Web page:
People: The Light Machine Shop Does Some Heavy Lifting
It's pushing 3 p.m.—time to clock out in less than an hour—and design engineer Brian Duda appears in the machine shop office with two foil-wrapped parts that need tweaking. He bends over them in consultation with floor supervisor Craig Jordan, who's holding down the fort while the shop's manager, Denise Larsen, is out. The parts are needed for fabrication of the germanium crystals that form the heart of the Super Cryogenic Dark Matter Search detector. It's a rush job. They're always rush jobs.
"He's a popular guy," Duda says of Jordan, who is studying CAD drawings of the parts.
"A German guy on the [Linac Coherent Light Source] tried to tip me," Jordan adds. "I had to tell him, 'I can't take money!' But he did ask me out for a beer, later."
The two finish their consultation and Duda turns to leave. "Really," he says, tone serious, "these are great guys to work with and very competent."
Jordan shrugs off Duda's compliment. "This one will be pretty easy," he says, pointing to a thick, sturdy aluminum ring. "He just needs a little shaved off the top."
How much is a little?
".025 of an inch," Jordan says. "About eight human hairs' worth."
Such precision is all in a day's work for the fifteen machinists in the Mechanical Fabrication Department's Light Machine Shop. They specialize in turning rods or sheets or blocks of aluminum, copper, brass and bronze, stainless steel and tungsten into custom parts for the myriad experiments that take place at SLAC facilities. According to Jordan, they work in close collaboration with their customers, whether SLAC employees or users who need a part for an experiment. "It's a team effort, for sure," Jordan says.
Paul Tomasi is building a beamline shutter for the LCLS Soft X-Ray instrument. He fits the shutter parts together, but they currently lack… coherence.
"Next this will go to our crackerjack welders," says Tomasi. Other parts might require plating. Or they might need to be joined by brazing—and from there either go directly to the users or come back to the shop for finishing. All well-worn steps in the process of making a custom part. But being a team player can have its challenges, as Tomasi explains.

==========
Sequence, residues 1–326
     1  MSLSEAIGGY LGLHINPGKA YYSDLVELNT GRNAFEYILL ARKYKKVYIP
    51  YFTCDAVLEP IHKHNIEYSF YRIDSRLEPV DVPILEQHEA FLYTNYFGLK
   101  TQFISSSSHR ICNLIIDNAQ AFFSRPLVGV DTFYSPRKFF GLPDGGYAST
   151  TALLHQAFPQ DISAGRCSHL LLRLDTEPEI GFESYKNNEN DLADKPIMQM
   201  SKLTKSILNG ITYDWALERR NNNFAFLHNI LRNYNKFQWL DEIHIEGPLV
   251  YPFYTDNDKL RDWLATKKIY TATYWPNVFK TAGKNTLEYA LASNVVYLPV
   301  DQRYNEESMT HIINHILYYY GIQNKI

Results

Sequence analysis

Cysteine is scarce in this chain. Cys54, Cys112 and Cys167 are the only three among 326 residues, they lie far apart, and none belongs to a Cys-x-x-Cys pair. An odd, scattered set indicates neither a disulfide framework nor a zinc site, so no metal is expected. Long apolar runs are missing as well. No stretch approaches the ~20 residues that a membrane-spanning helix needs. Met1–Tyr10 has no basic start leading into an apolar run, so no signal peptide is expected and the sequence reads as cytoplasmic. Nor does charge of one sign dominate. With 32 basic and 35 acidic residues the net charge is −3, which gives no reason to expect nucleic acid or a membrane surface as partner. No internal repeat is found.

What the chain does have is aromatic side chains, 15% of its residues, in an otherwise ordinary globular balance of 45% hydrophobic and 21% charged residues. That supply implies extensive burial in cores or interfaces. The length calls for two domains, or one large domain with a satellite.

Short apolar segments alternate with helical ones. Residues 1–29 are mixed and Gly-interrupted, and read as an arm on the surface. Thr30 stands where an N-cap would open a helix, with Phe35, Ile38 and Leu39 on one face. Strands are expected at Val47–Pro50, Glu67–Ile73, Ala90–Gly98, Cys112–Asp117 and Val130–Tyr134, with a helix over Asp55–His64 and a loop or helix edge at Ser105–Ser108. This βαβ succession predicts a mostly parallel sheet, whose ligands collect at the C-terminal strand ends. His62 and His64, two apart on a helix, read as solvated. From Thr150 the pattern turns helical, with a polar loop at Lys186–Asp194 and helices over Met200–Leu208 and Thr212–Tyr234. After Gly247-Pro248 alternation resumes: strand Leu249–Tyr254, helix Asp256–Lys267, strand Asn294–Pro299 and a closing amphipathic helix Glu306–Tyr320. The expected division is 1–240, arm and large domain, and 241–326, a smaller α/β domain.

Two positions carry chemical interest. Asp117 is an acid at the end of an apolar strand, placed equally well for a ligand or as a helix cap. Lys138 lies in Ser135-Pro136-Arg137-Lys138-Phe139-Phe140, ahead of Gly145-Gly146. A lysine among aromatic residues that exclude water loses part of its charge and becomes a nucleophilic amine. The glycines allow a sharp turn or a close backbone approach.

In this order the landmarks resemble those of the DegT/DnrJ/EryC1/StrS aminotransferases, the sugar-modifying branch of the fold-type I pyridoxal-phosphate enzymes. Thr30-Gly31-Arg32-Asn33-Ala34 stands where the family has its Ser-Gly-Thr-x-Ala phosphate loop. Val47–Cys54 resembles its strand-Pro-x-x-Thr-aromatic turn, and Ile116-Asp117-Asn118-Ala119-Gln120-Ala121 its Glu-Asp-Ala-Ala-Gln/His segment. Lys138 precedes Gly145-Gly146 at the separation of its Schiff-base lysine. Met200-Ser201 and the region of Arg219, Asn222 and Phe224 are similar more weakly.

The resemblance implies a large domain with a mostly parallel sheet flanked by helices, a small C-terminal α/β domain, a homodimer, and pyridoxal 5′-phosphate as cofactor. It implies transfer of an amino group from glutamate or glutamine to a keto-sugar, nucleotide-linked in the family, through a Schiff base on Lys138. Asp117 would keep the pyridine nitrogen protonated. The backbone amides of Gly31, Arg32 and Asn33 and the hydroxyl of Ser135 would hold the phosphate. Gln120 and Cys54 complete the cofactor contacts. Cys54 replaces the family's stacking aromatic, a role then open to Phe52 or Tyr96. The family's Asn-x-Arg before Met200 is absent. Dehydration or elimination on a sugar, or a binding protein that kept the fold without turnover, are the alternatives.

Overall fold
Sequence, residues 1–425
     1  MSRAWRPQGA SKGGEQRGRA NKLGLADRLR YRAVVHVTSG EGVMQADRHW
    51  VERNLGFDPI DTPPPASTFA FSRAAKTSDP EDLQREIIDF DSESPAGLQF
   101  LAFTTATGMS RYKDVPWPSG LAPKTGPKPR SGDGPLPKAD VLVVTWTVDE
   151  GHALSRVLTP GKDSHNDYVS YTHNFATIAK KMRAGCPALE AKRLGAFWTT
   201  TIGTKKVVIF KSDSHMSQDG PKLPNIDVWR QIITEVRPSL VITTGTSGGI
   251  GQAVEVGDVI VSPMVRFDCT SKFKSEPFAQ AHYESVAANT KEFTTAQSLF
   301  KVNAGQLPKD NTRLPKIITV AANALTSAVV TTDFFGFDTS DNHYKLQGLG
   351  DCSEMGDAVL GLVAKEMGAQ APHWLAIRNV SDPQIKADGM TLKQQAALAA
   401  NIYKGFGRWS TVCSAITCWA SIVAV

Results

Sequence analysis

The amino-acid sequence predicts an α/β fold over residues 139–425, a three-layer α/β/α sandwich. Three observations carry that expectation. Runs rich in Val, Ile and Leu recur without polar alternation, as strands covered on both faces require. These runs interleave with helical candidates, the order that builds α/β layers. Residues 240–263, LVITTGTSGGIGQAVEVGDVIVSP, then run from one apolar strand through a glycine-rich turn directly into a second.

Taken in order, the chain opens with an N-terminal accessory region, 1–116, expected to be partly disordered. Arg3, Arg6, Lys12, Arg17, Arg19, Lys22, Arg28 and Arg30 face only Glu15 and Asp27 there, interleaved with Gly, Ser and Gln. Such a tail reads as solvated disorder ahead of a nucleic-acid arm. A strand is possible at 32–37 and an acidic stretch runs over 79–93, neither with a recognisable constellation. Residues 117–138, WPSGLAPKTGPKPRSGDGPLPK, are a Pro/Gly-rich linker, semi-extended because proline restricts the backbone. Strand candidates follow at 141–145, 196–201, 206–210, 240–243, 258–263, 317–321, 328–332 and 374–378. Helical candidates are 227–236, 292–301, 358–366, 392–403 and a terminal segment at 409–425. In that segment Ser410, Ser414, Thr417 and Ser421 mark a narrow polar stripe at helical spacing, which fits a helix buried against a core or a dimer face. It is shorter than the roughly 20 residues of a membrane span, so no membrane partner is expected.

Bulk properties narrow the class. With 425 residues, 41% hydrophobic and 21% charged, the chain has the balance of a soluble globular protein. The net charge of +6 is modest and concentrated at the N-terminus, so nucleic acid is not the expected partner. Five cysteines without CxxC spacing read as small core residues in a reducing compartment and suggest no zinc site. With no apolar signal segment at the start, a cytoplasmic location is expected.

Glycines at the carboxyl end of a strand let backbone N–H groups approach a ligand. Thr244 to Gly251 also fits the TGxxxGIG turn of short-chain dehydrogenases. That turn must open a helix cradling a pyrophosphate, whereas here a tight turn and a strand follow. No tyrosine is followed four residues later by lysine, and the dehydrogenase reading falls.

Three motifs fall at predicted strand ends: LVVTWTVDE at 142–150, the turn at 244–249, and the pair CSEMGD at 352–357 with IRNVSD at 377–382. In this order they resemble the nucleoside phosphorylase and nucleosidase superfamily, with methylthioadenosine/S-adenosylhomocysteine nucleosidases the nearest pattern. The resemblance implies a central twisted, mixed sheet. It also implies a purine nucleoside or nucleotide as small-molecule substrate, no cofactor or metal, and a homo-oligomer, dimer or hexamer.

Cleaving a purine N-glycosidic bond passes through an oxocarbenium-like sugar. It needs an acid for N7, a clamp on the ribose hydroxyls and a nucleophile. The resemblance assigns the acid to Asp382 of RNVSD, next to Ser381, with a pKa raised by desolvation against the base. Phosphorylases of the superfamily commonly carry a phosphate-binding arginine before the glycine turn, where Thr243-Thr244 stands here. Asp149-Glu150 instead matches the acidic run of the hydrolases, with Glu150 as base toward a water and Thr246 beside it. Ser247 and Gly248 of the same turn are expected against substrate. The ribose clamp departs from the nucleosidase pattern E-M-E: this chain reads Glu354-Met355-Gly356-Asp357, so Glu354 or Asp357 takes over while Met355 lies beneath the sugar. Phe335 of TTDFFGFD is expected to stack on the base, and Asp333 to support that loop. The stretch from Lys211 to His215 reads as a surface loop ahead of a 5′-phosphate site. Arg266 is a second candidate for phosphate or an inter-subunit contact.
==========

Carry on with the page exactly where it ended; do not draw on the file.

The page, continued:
"Sometimes we'll work off prints, sometimes we'll work off a cocktail napkin some physicist brings in." Oddly, he sounds admiring. "There are some really smart people here."
The varying requirements of all the really smart people who stop by keep the machinists on their toes. A full complement of computerized and manual lathes and mills, along with the EDMs, or electric discharge machines, enable the machining of parts from stock that might weigh more than ton, or might be the thickness of a sheet of paper.
"My work involves rigging and cranes," says Clifton Caston, who, along with Athikorn (Ben) Pienpicharn, usually handles the big stuff. Or the stock might be brought in by forklift, often driven by the shop's own Joe Diaz, because, says Caston, "Joe's an artist with a forklift." However the stock is brought in, once it's in the shop Caston is responsible for ensuring that it's safely mounted on the shop's large-capacity mill. "This will handle stock up to 100 inches in x [axis] and 60 inches in y [axis]," Caston says. Plenty big enough to machine a one-ton piece of metal to use in certification classes for crane operators.
The machine shop can handle fine detail just as handily. One of the EDM machine operators, Peter Franco, is already known for the Snoopy cutouts he made for a SLAC Kid's Day. "People still ask me for them," Franco says.
Some may consider the Snoopies to be cute tsotchkes, but they're also evidence of Franco's skill level, a requirement for making the the custom parts that make SLAC science possible. He shares that level of skill with the rest of the machinists in SLAC's Light Machine Shop. It's just one of the attributes that make them good team members.
"When it comes to the precision work we do you've really got to know your stuff," Jordan says.
—Lori Ann White